One happened to be hanging out at Resto (discussing possible beer-dinner collaborations with the owner), and we got to talking over a bottle of Glazen Toren Jan De Lichte Imperial Belgian white ale. Maggie traveled the world drinking great brews and then enrolled in the University of California-Davis’s Master Brewers Program (she was one of only two women in the class). Instead of opening her own brewery when she got back to the U.S., she founded Beer Ethos, a company dedicated to promoting beer appreciation and cultivating a savvier beer community in NYC. Maggie offers beer services (from leading tasting sessions to offering menu-pairing suggestions for dinner parties) and leads classes at cult places like Murray’s Cheese. She also puts in time in the beer room at Whole Foods on the Bowery, where she leads home-brewing workshops.
Next up, Maggie’s looking to open a retail/tasting-room space in Manhattan that will be dedicated to craft beer. (Think of it as the wine version of Vino.) Why not Brooklyn? “Brooklyn is so far ahead of Manhattan in terms of beer. I’m trying to get the rest of the city up to speed.” I’ll drink to that.
F&W Best New Chef 2007 Steve Corry of Five Fifty-Five in Portland, Maine, really knows his beer: He has a brewing certificate from the American Brewers Guild and has worked as a brewer at Harpoon in Boston and at San Francisco Brewing Company. On May 5th, he'll be blending his twin passions for beer and food with a beer dinner thrown with Allagash Brewing Company's brewmaster Rob Tod. What to expect: ingenious takes on traditional pub food ("fish and chips" = house-smoked sturgeon served with parsnip chips) and beers like the Allagash White. "It's the quintessential summer beer," Corry says. And he should know ($75; 207-761-0555).
If you’re concerned about the problem of hunger in New York City, you’re in excellent company. At the 6th Annual Food Bank for New York Can-Do Awards on Tuesday evening, some truly awesome people showed their support. It’s a good thing—four million New Yorkers access food-assistance programs these days. Event chair Mario Batali, emcee Stanley Tucci, Jon Bon Jovi (the evening’s honoree, and more on him later) and a few special guests did an amazing job of raising money and awareness for such an excellent cause. Of course there was a lot going on; here are some highlights.
* To win one of the supersonic live-auction items—dinner for 24 cooked by Mario, chef/Top Chef judge Tom Colicchio and Momofuku’s Dave Chang—you need to be intent on outbidding Mariska Hargitay and Emeril Lagasse. You also need $60,000. Who’s got that going for him?? Jimmy Fallon.
* To win tickets to the launch of U2’s 360° world tour in Barcelona—yes, with first-class Delta tickets and hotel accommodations—you need $45,000. And for tickets to see Billy Joel and Elton John, you need some $35,000. Anthony Bourdain was out of luck after the price went over his $10,000 bid.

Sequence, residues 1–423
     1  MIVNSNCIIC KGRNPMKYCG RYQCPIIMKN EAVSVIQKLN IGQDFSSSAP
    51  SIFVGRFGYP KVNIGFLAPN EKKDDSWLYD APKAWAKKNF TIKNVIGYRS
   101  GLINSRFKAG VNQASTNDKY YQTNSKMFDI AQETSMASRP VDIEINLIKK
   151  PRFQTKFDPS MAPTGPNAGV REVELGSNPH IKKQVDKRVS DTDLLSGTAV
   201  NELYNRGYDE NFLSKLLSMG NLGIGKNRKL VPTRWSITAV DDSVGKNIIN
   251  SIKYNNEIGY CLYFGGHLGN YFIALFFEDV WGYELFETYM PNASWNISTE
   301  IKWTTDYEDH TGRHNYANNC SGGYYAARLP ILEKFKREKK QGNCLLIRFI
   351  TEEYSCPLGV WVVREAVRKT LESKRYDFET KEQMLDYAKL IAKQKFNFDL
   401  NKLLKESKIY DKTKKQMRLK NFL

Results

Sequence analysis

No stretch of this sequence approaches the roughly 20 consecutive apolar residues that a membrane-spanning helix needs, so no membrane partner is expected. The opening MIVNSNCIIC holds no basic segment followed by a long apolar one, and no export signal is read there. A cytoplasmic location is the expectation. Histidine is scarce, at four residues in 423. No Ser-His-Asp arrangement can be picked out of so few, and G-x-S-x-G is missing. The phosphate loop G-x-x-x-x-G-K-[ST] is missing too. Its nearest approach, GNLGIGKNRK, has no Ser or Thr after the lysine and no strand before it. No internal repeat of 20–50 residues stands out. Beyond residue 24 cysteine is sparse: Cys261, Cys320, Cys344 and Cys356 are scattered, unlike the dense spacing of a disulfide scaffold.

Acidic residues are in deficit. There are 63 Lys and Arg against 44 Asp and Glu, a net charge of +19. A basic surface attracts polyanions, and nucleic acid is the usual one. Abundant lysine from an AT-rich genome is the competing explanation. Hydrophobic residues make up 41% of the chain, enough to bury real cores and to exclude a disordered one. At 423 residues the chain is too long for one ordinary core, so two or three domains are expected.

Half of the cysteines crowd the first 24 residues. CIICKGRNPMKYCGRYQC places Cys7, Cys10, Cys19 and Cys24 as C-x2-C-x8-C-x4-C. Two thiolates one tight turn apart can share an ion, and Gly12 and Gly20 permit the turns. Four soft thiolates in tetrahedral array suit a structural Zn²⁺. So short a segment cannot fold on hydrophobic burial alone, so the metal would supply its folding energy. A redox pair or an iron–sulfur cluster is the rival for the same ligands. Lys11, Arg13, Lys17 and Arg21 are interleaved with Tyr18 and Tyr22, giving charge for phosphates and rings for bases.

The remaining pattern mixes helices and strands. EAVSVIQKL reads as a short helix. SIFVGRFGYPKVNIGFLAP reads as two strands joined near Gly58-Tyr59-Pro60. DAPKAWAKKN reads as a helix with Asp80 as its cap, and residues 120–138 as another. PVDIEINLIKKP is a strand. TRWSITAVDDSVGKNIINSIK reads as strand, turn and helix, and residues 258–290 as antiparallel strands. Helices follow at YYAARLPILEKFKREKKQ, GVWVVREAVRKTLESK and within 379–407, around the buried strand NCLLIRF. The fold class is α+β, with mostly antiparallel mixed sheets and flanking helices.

* A few things to know about Bon Jovi: He is absolutely passionate and informed about the issues of hunger and low-income housing. He is very funny (i.e., calling his presenters, Kenneth and Maria Cuomo Cole, Sonny & Cher). And he is absolutely gorgeous.
* To be unofficially voted Best Dressed for the evening, it helps to be wearing a gorgeous fuschia pink Zac Posen dress—and to be Katie Lee Joel.
*Table conversation is amazing—you'll hear off-the-record updates on who's headlining 2009 New York City Wine & Food Festival (which also benefits the Food Bank). And details of People magazine's poll on whether Susan Boyle should get a makeover. (We weren't the only people talking about the Britian's Got Talent phenom. At the party, Bon Jovi told Extra he hopes she wins, saying "After pursuing the dream and never giving up, good for her." Boyle, being told this, said she thought Bon Jovi was "fantastic.")
* At an event like this, the house band will feature REM’s Mike Mills.
* At an event like this, REM frontman Michael Stipe will introduce the special guest: Bill Clinton.
* At an event like this, the only thing that could possibly be more exciting than hearing Clinton talk to an energized crowd about fighting hunger, and thank his friends Bon Jovi, Stipe and Batali, is when he steps off the stage and Bono is standing there to greet him.
* If you ask a tall Secret Service guy who’s towering above the crowd to take a picture of Clinton, Bono and Bon Jovi, he’ll look at you like you’re crazy (and refuse).
* At a silent auction, Colicchio will always bid on a John Lennon photograph by Bob Gruen. Sometimes against Rocco diSpirito.
* At the after-party at—you guessed it—the third floor of the Spotted Pig, there will be virtually no corner of the room that you can stand in without talking to a very famous rock star—at the bar, Bon Jovi; in the corner, Bono; on the banquette, Stipe. It had the makings of the most epic music video.
* If an unnamed reveler falls off their bar stool, Bono will be the first person there to help them up. And tell them that he's been on the pub floor more than once himself.
In the past month, I’ve hopped around from Germany to Colombia to Utah, and I am leaving again tomorrow for a quick trip to Boston. My travel-survival secret is Emergen-C. I’ve convinced myself that the vitamin-packed fizzy drink fends off airplane germs, and I stash packets of the drink mix in the pockets of all of my suitcases, duffel bags and purses. This way, I always have one on hand to pour into my water bottle while on the road.
Since I’m addicted, I was superexcited to learn about Emergen-C BLUE, a new berry flavor that hit store shelves yesterday. Fifty percent of proceeds from every packet of Emergen-C BLUE go to one of my favorite organizations, the Surfrider Foundation. Surfrider and Emergen-C are having a launch party for the new flavor out in Malibu, California, next week, timed around Earth Day. Maybe I’ll make a 24-hour trip and swing by.
© Alacer Corp.